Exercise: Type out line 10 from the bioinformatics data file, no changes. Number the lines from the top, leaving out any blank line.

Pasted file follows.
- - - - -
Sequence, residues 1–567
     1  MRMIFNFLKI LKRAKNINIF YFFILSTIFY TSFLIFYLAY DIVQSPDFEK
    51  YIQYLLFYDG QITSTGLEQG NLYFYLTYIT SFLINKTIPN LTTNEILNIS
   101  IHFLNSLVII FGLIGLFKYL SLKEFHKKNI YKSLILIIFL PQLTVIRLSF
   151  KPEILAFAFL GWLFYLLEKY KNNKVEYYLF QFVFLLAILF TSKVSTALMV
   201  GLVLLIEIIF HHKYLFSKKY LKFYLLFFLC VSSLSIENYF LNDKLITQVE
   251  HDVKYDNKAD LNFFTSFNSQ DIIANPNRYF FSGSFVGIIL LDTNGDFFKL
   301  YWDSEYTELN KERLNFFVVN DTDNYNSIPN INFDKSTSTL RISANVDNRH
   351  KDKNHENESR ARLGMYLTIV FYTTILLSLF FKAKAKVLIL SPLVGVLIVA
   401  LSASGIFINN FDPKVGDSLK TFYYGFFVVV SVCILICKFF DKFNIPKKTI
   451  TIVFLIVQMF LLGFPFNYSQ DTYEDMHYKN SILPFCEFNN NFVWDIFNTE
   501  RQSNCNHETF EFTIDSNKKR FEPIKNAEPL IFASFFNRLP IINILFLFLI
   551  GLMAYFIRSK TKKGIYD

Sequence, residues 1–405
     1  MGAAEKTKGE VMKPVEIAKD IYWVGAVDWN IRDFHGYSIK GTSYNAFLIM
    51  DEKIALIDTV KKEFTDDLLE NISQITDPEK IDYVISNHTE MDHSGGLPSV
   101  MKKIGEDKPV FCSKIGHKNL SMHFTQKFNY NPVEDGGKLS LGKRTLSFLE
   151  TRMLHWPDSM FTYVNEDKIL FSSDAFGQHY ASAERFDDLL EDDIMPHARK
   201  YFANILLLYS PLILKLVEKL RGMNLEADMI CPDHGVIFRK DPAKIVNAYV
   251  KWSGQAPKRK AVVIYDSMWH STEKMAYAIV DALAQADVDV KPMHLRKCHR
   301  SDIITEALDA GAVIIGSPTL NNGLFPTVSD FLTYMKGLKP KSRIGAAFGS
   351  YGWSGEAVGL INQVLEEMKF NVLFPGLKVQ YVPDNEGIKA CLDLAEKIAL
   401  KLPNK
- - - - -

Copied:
   401  LSASGIFINN FDPKVGDSLK TFYYGFFVVV SVCILICKFF DKFNIPKKTI